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Too many players spoil the broth

Jun 17, 2000

The petrochemical process starts with the cracking of naphtha (breaking up of the hydrocarbon molecule) into olefins and aromatics that make up the building blocks. These building blocks are then used to produce downstream petrochemical products namely, polyester, polymers and industrial chemicals. The potential demand growth of this sector is very attractive and could be one reason why new players want to enter even when the industry is reeling under over capacity. In fact there is expected to be regional over capacity till second half of 2002 after which demand supply will match. The demand is primarily driven by comparative pricing and alternative uses. A recent development has been the setting up of a chemical portal by some of the industry players to gain from the efficiencies created by the Internet. The E-commerce initiative will add further emphasis on costs; this will create added pressure on the smaller players.

The polyester industry did not have much to cheer about in FY00. The prices of the products along the petrochemical chain generally move together. With crude oil prices ruling high throughout the year, the prices of naphtha, the key feedstock were pushed up, this should have seen a corresponding increase in polyester prices but with a large number of players the entire costs could not be passed on and consequently, it affected the margins. To improve the industry structure, consolidation will have to take place. The industry still looks attractive if we consider the per capita consumption (PCC) of polyester in India, which is at one third the level of China. One can hope to see volume led growth.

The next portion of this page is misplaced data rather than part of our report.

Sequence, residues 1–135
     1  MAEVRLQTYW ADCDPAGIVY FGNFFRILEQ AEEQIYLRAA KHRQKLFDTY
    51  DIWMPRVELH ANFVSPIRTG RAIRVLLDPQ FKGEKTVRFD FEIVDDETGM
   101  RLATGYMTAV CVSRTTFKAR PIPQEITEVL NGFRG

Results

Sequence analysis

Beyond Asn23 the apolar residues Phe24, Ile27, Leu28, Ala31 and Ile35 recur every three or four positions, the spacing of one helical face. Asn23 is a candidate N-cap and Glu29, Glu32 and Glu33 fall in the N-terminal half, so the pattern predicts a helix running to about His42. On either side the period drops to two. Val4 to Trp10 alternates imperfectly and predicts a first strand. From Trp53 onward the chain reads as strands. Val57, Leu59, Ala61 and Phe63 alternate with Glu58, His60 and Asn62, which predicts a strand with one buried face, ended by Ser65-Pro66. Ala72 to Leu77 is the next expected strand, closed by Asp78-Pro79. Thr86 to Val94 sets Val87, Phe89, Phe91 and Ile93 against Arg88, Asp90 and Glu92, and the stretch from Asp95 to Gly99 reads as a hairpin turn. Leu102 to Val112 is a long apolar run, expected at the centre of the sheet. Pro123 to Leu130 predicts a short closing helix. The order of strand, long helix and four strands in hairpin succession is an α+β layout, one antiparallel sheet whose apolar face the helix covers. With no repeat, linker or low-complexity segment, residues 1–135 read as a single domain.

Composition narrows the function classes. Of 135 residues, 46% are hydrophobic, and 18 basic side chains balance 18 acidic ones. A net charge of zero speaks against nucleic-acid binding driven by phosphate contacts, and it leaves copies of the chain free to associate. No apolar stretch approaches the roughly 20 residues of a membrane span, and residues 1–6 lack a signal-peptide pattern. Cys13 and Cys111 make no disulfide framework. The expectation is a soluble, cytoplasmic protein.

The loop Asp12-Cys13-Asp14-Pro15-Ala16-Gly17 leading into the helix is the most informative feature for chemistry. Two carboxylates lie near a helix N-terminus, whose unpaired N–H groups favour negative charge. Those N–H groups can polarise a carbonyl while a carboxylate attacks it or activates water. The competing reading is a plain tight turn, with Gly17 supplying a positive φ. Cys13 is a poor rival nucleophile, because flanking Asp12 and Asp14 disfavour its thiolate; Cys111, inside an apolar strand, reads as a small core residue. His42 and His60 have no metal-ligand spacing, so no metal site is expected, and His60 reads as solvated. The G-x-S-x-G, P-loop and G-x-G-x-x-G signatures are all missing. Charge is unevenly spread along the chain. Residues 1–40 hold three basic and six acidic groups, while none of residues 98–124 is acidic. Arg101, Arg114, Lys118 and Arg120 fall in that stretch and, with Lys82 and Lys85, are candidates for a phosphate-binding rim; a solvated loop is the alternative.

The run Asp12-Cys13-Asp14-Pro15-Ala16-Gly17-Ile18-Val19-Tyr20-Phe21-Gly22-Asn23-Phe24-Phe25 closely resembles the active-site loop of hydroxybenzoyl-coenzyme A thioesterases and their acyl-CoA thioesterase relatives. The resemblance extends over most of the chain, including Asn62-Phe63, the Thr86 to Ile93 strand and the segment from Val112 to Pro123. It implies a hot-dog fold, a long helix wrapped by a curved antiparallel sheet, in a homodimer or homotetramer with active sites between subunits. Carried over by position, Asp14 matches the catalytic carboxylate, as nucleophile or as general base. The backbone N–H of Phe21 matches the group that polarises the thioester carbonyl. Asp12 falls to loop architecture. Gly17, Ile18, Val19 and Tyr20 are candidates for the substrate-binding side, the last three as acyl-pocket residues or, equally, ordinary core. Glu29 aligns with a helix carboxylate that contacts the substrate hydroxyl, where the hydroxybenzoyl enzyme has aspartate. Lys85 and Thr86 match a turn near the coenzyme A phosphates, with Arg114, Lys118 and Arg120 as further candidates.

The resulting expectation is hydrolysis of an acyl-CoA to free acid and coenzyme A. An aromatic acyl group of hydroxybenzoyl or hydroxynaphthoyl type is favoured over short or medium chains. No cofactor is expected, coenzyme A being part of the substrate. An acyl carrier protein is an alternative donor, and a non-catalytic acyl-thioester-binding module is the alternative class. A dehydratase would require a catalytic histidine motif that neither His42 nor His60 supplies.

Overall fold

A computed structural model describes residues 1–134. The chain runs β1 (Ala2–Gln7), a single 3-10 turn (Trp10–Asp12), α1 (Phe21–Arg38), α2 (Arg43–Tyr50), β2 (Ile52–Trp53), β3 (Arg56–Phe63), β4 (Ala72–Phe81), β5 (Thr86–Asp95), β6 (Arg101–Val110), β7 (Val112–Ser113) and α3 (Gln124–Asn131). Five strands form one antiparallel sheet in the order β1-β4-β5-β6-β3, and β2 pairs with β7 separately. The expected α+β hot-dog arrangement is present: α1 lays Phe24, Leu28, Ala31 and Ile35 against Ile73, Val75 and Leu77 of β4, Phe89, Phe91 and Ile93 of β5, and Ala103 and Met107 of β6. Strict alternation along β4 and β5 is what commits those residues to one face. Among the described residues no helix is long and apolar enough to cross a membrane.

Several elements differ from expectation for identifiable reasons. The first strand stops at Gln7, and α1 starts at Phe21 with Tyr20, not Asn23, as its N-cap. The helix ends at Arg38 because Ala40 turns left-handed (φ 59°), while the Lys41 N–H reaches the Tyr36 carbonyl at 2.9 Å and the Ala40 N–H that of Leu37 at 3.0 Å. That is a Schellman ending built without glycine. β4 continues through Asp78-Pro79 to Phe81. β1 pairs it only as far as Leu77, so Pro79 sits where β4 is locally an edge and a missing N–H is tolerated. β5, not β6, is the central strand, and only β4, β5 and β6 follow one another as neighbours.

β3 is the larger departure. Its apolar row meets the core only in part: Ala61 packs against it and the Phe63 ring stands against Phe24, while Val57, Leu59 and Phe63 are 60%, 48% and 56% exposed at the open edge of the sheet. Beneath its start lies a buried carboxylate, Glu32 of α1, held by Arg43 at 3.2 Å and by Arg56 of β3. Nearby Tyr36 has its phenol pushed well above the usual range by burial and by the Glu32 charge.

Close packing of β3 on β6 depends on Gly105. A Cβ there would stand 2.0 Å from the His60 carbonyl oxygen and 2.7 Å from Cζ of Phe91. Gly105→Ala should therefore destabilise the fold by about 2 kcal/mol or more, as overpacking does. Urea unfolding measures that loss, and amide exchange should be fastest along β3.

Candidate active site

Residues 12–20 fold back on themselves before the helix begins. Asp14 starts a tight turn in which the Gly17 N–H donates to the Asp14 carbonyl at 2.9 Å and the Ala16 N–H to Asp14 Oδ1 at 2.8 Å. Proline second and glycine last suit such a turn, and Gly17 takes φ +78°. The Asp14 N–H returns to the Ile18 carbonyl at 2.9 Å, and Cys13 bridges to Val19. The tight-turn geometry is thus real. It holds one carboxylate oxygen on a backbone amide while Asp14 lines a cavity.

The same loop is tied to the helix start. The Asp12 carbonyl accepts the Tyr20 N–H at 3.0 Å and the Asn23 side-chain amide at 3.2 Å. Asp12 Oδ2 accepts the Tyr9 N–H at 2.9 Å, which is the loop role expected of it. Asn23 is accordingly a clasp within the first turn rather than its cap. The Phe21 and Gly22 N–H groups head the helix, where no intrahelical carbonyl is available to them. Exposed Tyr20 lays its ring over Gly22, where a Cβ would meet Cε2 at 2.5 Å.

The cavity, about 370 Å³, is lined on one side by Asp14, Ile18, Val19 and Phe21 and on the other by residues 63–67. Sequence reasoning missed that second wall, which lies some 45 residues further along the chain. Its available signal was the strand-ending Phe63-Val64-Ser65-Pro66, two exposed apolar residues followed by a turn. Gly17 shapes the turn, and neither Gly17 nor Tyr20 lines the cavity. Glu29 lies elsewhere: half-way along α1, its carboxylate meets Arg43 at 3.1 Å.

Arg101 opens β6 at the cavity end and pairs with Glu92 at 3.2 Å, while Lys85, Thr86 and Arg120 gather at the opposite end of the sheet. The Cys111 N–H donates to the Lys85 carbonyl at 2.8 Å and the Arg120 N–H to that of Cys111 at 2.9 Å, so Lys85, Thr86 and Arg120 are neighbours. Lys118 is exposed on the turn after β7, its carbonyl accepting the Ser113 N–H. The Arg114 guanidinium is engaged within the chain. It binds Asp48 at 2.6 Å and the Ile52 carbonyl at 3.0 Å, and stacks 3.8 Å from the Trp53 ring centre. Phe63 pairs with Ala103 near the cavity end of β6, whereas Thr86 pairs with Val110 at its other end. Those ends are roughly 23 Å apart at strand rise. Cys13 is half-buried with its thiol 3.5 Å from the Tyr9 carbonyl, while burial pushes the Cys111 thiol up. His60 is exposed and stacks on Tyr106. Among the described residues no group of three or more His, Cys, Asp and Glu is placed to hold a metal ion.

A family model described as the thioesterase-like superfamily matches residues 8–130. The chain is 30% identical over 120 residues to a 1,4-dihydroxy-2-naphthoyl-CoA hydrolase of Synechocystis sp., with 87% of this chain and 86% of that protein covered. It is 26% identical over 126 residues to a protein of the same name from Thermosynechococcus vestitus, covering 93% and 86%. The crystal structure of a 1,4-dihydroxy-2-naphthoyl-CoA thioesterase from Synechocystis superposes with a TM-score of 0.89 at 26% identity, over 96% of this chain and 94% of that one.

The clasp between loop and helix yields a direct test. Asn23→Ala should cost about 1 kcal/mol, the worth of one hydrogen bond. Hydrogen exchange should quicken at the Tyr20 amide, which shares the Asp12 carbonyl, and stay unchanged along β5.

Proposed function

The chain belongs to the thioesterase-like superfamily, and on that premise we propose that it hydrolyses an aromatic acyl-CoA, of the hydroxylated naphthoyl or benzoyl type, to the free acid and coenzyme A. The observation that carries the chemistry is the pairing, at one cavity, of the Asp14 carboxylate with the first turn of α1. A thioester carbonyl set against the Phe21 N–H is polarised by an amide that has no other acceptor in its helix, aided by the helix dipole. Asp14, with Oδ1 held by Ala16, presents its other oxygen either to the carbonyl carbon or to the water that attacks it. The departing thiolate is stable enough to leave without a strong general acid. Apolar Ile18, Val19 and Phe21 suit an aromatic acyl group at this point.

The polymers market is made up of polyethylene (PE), polypropylene (PP) and poly vinly chloride (PVC); this market had a more buoyant year. The growth was largely driven by substitution of alternate materials and new product applications. FY01 looks even more exciting

  • Budget '01 was favourable for the polymer industry with the excise duty being reduced to 16% from 24%. This for the first time brings the excise rates at comparative levels with that of competing packaging materials e.g. glass and aluminum. One can thus expect to see even more substitution benefits.

  • Another impetus for the industry is the change in the Jute Packaging Material Act (JPMA), 1987. Under this act 100% of the sugar and food grains was to be packed in jute bags, while at least 20% of the urea was to be packed in jute. The new provision states that at least 90% of the sugar and food grains and 15% of the urea is to be packed in jute bags. This relaxation should open new opportunities for the polymer industry.

Future demand growth as like in polyester looks attractive if we compare per capita figures; India consumes only one fourth of the amount consumed by that of China.

Another important development is the likely disinvestment of Indian Petrochemicals Corporation Ltd. (IPCL) the second largest player in this segment. The Government has been planning for some time to divest 26% stake in favour of a strategic investor. Due to the long drawn out process, a number of bidders have backed out. The players remaining in the fray are Reliance Industries and the Chatterjee Soros Group, which have also promoted the Haldia petrochemical project on the East Coast.

Opportunities abound the industry but before we can see the benefits fructify one anticipates the industry to restructure. It will also have to be wary of the threat of increased competition from cheaper imports mainly from the Middle East and the Asia - Pacific region. Integrated players and those higher up the value chain will have a greater chance of surviving.


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